- Sure, yeah. And a lot of those that you mentioned, a lot of people don't even think about until they're right in the middle of it. And I mean, airline miles, I mean, who thinks of that? Nobody, right?

- Yeah, yeah.

- I mean, it's just, it's mind-boggling the amount of things that we accumulate over the years, that our family members know nothing about.

- Absolutely. I mean, the average American internet user has, I believe, 207 online accounts.

- Wow.

- So if you think about that, from your PayPal to your Venmo, to, like I said, your airline points, to your Costco account. All of these things that may have exchange or financial value or are tied to your credit card, that not only do you need to transfer, but maybe close or archive to protect a loved one's identity after they're gone.

- Sure, well, I think in your examples there, it's pretty important why when you offer after-loss consulting, which is crucial, but then, the legacy planning, which is kind of what we're focusing on and what you just described, and why it's important to create that and give everybody a heads-up before someone passes. "Hey, this is what I've got. "These are the ways you can get to point A to point B." So we know why it's important, but when should people start considering taking legacy planning into account? When should they start that process, Rachel?

- Yeah, you know, I heard an estate planning say this one time and it was the best explanation or definition I had heard of an estate. "People think of you as an estate "and that you have to have a certain amount of money. "You have to be wealthy or rich. "If you own things or owe things, you have an estate." So I have to work with clients and legacy planning from their early 40s to their late 80s, whether they were experiencing a health issue or about to have a major life surgery, or whether they had not had any health issues and were in their late 80s and wanted to make sure that all of these little items that we discussed were buttoned up and organized. So if you owe or own, it is time for you to do legacy planning. A lot of people, I think, do it after they have children. But as we're seeing, there are a lot of individuals who've chosen not to have children or never had children. And sometimes they're referred to as elder orphans, which I hate that term. But you know, I think anybody and everybody, you have lived this life, you've worked hard. Why not do everything you can to preserve your legacy and save, whoever it is, whether it's friends, your next door neighbor, family members, the anguish of having to make decisions that you should be doing and you should be planning for while you're still here. So that's a very sort of obtuse answer, but it's for everyone. You know, even I tell friends of mine who have children who were going off to college and they're now 18, "Have you thought about an advanced healthcare directive?" If they went off to school and they got into an accident or something happened, you legally would not be able to speak with their doctors or make decisions on their behalf because they are now legally an adult. So all of these things are just, it's like I said, it is for all ages and for any age.

- Yeah, yeah. And you really do give some really great examples on your website of legacy planning and things that, again, people don't think about. And I wanna dive into some of these things, here in this question. You mentioned taking into consideration things like recipes, family stories, things that can be passed down from one generation to the next.

- Right.

- So what are some of the other ways in regard in that vein that people can ensure that someone will be remembered?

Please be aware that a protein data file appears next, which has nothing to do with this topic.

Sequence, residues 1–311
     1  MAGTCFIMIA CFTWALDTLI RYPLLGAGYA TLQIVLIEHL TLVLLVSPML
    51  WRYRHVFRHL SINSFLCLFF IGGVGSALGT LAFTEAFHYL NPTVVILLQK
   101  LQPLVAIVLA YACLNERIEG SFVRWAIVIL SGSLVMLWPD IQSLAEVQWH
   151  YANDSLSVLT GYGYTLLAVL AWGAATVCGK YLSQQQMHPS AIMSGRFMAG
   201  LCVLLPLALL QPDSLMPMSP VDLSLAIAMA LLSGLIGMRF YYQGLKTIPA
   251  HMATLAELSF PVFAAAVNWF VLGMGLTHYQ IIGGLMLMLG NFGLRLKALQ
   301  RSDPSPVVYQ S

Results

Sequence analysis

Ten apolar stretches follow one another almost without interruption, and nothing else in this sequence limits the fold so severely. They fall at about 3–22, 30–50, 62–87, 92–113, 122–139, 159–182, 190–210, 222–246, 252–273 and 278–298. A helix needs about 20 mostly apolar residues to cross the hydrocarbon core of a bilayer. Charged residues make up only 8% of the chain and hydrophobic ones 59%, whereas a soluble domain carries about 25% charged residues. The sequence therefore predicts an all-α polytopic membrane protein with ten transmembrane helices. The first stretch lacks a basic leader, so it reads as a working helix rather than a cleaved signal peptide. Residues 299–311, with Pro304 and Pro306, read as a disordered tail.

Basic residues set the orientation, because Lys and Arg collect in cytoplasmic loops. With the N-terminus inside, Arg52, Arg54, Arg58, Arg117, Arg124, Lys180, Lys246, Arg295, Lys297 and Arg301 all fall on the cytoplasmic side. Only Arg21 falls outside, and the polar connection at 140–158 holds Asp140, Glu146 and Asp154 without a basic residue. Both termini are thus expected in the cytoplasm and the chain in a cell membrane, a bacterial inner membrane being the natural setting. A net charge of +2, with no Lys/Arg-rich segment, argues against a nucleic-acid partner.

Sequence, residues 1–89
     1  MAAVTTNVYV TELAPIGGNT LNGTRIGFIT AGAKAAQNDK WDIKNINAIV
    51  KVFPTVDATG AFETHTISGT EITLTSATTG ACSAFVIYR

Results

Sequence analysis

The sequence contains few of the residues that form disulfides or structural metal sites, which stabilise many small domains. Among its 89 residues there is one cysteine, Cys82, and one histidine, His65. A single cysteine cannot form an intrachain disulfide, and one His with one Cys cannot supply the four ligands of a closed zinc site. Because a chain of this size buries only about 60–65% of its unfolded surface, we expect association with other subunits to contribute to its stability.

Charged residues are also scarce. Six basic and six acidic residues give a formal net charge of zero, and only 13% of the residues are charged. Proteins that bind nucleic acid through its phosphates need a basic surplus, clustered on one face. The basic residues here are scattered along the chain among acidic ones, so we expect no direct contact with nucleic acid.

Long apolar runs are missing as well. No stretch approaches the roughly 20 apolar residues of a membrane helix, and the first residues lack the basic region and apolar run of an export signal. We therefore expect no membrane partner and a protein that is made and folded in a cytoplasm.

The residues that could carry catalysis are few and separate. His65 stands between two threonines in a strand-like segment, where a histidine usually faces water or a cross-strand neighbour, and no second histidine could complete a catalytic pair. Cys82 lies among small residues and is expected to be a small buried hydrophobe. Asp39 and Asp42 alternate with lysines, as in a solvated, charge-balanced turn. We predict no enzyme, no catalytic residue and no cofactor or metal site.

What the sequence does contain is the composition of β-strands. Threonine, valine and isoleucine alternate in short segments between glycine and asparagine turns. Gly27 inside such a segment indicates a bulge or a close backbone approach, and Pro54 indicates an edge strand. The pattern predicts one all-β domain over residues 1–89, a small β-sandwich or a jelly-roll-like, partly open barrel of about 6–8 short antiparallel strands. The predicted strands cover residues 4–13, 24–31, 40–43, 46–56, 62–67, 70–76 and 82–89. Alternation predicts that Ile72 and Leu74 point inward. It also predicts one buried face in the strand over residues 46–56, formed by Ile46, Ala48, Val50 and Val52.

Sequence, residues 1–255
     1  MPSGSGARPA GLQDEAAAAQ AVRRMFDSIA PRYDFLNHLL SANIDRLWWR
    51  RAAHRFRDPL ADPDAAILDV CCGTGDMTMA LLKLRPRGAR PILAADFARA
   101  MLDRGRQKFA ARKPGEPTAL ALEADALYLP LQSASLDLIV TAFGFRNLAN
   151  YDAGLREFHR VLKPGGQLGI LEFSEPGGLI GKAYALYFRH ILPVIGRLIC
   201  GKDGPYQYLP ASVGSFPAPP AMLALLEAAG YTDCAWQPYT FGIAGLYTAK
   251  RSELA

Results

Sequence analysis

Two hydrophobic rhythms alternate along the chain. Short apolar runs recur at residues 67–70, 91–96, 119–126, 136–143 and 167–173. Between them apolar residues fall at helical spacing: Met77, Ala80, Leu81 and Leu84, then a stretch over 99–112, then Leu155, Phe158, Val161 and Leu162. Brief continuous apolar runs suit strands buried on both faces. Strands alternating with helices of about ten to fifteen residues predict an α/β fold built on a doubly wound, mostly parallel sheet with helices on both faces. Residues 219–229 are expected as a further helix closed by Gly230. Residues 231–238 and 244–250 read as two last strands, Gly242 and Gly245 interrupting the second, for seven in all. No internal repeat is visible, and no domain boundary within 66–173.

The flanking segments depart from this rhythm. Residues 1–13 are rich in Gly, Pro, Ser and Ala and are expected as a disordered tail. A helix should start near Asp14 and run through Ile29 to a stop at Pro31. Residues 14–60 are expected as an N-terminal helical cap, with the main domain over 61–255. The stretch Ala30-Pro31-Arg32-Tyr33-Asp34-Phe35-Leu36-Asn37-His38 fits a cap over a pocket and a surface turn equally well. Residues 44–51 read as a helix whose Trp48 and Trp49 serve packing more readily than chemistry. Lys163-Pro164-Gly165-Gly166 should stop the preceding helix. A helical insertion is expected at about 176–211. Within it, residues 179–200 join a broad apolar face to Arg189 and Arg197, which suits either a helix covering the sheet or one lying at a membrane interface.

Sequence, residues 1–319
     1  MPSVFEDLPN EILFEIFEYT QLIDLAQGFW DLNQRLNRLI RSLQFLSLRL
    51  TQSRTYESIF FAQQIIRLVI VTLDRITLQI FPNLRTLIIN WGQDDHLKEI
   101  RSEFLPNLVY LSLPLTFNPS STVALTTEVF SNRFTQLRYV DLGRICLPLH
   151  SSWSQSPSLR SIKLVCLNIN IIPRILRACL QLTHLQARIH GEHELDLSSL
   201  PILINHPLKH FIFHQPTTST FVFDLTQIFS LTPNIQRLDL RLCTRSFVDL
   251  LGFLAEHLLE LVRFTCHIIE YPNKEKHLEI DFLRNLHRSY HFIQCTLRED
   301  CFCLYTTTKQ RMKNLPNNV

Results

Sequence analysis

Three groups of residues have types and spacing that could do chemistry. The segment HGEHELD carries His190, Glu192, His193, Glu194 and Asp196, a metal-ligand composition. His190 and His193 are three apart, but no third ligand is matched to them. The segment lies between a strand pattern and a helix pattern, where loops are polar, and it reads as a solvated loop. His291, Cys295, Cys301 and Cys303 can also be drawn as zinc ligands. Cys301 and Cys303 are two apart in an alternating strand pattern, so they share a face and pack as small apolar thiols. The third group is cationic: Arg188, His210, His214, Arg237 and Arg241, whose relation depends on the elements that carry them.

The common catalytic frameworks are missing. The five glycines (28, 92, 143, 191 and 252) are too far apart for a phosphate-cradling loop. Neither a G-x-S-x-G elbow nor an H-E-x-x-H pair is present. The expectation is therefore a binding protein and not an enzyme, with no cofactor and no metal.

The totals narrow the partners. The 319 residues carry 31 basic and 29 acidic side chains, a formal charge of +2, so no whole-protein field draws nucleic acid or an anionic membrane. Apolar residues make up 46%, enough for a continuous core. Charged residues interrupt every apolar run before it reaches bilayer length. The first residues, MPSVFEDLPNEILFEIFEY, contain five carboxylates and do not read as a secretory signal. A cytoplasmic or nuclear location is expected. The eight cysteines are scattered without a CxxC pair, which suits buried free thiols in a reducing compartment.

- Right, right. So yes, I think that that can be really, dare I say, fun part of legacy planning is really capturing the essence of you, the essence of your family, the essence of the traditions that you have built over time. You know, this summer, I found one of my father's old itineraries from a family vacation while he was still alive. And my sister found it in some paperwork. And I took that and I've now safeguarded it. And we recreated that vacation this summer with my kids. So having those little things that were just on a random piece of paper that you may want to preserve for the generations to come. Not having my parents around now, not being able to ask those questions of how we're related to Aunt Fern or what have you, those are the things that can be very meaningful and very important to safeguard and preserve. And have conversations around the Thanksgiving table, around the holidays. Go through pictures and talk through all these important, like I said, memories and family members. So not only that from a memory preservation standpoint, but what are those important things that you wanna make sure are passed down to the next generations? And how, like I said, can you safeguard and preserve those? One of the other aspects of it is, you know, I read a statistic, I think it's only 40%, 46% of Americans have a will. And well, yes, that is a very sort of sobering statistic. It's not just about having a will, it's about having the strategy and things organized. So one of the main areas that I help clients with is just getting their estate planning documents organized and leaving those breadcrumbs in essence for their family to find. You may already have that will, but is it in a safety deposit box that nobody has a key to or has access to? Most people may not find that will until 10 days after a death, which may cause a lot of issues in that meantime. So leaving, being organized, and just telling your family, "Hey, this is where my important documents are located. "This is how I pay bills. "This is how you can get access to my banking accounts "in order to pay immediate expenses," or what have you. In working with clients in what I call our legacy building formula is, one of the first steps is I think getting all those important documents organized and in a central place, whether it's a physical form or online digital vault. But then, also helping clients think through, like I said, "Where are all of my online accounts? "How do I keep track of my passwords? "How do I pay accounts? "What are the assets that I have out there?" And then, what are the intangible or the assets out there such as photos, a manuscript, you may have started a book that's out there somewhere. And so where are all of those pieces for your loved one to find those, and then, be able to transfer, archive, or close those assets? I'll tell you a story. I worked with a client earlier this year. Her brother passed away suddenly and unexpectedly. She did not know the unlock code to his phone. She did not know how many email addresses he had. He was a solopreneur, a single business owner. And I had to help her make a request to Google in order to get access to his Google Drive and all of the assets to be able to find perhaps past tax returns. Were there the agreements of his company for her to be able to close those and prove that the estate was the rightful beneficiary of those accounts? And those businesses, I mean. And many people think, "Oh, I'll just reach out to Google or Apple," what have you, "to be able to get the password,"